I could go on with a few more stories about such people with elite genetics a fraction of the population possess, but I decided to bring in additional help to discuss the topic and see what, if any, consensus may exist on these “genetic freaks” as some will refer to them. Dr. Jose Antonio, Dr. Conrad Earnest, and Alan Aragon are some of the most knowledgeable and experienced researchers I know, who also have extensive “real world” experience in the exercise physiology arena, so I threw some Qs at them in this roundtable discussion.
Readers Note: I’m intentional over simplifying the topic of statistics in terms of where people may fall in data sets and such. Bio-statistics gets real complicated real fast, and for all but science nerds like me and such, deathly boring.
Q #1: Per my intro gents, no doubt you have experienced the same thing I have over the years. I know there are data on non-responders, and some interesting preliminary findings on non-responders specific to some genes identified between them, but what of super responders? Is there any data you’re aware of regarding super responders? Would seem an interesting and potentially useful area of inquiry for us mere mortals.
Alan : I’ll be candid here and admit that the first thing that came to mind was a series of studies by Jacob Wilson’s group on HMB-FA, and subsequently, HMB-FA/ATP. Even though I personally cannot help but be skeptical of the findings, they are nevertheless impressive if taken on face-value. In their first study, Jacob specified in an interview that, “Now, in most studies you just recruit anybody, and you could have non-responders, moderate responders, high-responders. We filtered so we had purely high-responders to training.” The results of their selective recruitment were quite astounding. The HMB group had a LBM gain of 7.4 kg (16.28 lb) while dropping 3.5 kg (7.7 lb) body fat. In contrast, the placebo group gained 2.1 kg (4.62 lb) LBM while losing 1.7 kg (3.74 lb) body fat. These are both favorable scenarios, but the HMB group’s LBM gain –is definitely on the freakish side, especially since these subjects were resistance-trained; they were not novices primed for huge gains. In a subsequent study out of the same lab, this time using HMB-FA/ATP, subjects gained 8.5 kg LBM (18.7 lb) in 12 weeks. This LBM gain surpasses the 7.5 kg gain in the previous HMB-FA study, which already was greater than the gains seen by Bhasin et al (PMID: 8637535), whose untrained subjects were on exogenous testosterone (600 mg/week). Subjects in the training + testosterone group gained 4.2 kg of LBM in 10 weeks. Compare this to Lowery et al’s trained subjects on HMB-FA/ATP, who gained 8.4 kg LBM in 12 weeks. Furthermore, Bhasin et al’s subjects’ quadriceps thickness increased 7 mm, while 7.8 mm was gained in the HMB-FA/ATP study. In sum, the subjects in the HMB-FA studies showed LBM gains that surpassed exogenous testosterone by twofold, and were four times the typical LBM gains seen from creatine supplementation. So, at least on face-value (if you believe the data reported), these subjects were super responders; they were packing on an average of more than a pound of LBM a week for months on end – and these were not newbie gains. There’s also the alternative explanation that HMB-FA is just that magical, and even regular Joes can become supermen on it.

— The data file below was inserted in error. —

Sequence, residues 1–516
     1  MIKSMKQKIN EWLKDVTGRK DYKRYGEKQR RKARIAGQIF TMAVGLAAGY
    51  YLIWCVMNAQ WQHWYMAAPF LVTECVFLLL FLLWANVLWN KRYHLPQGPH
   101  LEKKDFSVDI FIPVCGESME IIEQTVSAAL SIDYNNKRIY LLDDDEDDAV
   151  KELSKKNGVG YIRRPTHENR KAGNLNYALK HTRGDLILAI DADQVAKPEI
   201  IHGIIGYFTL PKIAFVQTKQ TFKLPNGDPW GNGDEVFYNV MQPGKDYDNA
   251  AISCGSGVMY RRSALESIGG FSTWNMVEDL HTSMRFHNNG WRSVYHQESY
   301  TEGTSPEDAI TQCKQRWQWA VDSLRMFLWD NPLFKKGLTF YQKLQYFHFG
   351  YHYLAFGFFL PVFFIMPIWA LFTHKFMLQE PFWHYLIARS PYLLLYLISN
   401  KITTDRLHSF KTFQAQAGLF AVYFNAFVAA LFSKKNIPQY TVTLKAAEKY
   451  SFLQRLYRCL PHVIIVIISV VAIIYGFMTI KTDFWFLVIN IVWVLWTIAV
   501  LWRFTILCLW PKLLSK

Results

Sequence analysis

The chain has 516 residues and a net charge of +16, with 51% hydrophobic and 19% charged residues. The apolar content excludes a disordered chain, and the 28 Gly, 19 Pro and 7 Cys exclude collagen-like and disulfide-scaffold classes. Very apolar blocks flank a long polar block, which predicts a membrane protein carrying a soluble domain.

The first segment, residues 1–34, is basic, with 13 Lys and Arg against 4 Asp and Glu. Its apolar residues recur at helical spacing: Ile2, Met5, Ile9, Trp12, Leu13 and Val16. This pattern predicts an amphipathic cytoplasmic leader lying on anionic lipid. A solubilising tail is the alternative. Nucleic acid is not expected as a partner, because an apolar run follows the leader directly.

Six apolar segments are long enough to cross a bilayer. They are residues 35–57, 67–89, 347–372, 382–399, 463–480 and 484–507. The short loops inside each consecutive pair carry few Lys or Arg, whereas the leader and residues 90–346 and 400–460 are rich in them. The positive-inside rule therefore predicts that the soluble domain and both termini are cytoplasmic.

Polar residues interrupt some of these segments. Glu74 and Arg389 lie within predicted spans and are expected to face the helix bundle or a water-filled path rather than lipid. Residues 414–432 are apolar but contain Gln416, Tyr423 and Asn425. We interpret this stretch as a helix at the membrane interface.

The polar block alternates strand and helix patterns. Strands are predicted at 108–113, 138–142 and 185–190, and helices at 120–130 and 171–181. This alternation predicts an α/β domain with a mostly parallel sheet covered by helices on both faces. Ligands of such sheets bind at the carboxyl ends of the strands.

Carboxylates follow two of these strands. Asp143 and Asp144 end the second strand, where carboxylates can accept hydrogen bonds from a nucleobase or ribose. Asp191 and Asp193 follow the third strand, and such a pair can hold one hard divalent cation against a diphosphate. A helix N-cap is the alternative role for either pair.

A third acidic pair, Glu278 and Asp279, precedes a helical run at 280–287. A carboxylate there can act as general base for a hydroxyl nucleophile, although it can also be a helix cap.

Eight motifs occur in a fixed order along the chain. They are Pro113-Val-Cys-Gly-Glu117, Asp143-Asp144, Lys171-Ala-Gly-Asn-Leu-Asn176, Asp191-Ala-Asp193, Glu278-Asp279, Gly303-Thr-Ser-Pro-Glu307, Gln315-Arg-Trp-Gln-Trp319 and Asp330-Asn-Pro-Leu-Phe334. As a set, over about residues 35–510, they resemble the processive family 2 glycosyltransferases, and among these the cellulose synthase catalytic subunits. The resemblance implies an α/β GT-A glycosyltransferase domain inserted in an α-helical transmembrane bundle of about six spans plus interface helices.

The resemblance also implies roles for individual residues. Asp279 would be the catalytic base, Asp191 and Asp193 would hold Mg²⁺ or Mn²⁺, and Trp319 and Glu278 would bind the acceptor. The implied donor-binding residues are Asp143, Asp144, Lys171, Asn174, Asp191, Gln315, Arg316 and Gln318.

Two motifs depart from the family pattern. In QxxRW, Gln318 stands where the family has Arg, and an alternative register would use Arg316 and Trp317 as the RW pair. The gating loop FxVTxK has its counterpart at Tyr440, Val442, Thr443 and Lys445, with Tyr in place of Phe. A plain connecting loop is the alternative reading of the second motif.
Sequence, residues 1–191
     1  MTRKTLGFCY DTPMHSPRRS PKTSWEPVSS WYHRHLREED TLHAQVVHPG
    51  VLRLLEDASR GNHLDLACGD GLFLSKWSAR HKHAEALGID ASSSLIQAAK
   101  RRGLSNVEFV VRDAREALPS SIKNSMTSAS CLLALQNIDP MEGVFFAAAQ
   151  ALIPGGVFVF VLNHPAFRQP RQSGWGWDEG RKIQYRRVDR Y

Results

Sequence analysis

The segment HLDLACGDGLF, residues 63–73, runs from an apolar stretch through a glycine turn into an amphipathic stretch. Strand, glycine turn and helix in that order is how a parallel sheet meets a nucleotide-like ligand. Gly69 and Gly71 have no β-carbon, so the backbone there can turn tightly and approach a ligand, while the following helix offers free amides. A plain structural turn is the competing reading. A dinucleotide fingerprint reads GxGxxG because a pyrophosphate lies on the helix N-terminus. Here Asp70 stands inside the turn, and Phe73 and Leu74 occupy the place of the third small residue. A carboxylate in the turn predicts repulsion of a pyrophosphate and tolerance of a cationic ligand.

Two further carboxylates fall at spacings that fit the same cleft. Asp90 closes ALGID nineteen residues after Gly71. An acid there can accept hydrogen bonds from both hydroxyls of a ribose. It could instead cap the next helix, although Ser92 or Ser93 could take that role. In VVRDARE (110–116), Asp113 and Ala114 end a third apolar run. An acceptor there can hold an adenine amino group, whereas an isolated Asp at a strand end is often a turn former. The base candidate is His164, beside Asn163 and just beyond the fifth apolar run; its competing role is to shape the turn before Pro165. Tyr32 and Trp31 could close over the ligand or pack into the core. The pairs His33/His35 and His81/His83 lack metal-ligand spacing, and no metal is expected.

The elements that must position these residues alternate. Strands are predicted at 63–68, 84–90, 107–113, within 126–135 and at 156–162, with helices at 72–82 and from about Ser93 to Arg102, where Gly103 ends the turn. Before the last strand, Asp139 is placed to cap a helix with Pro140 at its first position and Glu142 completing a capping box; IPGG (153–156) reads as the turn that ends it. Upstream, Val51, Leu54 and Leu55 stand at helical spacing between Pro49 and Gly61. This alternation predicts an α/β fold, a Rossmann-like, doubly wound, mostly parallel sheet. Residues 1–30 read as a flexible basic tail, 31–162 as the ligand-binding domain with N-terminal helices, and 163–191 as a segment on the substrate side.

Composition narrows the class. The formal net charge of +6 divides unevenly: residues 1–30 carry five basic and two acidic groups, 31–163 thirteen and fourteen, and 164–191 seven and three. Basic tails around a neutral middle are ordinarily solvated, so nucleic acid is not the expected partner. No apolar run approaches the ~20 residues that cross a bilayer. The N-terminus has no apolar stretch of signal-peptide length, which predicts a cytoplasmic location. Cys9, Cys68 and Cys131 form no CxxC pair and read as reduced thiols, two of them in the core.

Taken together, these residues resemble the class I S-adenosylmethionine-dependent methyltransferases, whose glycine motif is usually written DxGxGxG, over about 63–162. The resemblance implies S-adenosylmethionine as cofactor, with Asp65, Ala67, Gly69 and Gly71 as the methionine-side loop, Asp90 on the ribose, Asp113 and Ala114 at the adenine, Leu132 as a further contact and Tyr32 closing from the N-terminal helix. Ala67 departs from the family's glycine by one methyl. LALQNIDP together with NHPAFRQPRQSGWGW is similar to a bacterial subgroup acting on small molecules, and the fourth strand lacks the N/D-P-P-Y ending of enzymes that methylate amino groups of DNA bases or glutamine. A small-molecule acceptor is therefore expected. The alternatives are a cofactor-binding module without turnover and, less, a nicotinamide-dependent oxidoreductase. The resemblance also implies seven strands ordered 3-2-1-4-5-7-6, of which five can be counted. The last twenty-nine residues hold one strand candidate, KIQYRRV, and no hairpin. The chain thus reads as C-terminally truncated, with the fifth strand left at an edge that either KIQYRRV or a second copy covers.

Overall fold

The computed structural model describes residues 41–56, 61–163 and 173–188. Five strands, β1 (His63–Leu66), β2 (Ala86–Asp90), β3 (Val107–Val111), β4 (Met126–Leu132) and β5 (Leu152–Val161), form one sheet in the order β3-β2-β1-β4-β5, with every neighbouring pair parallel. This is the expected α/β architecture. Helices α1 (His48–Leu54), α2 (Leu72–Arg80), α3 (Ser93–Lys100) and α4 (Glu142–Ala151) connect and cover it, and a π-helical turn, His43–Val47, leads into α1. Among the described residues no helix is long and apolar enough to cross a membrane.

Conrad: To be quite honest, I think we’ve had the data all along but never really talk about it. As you’ve already discussed, we spend a lot of time focusing on non-response or low response because we want to see people improve and are puzzled when they don’t. I think this applies more to health than performance.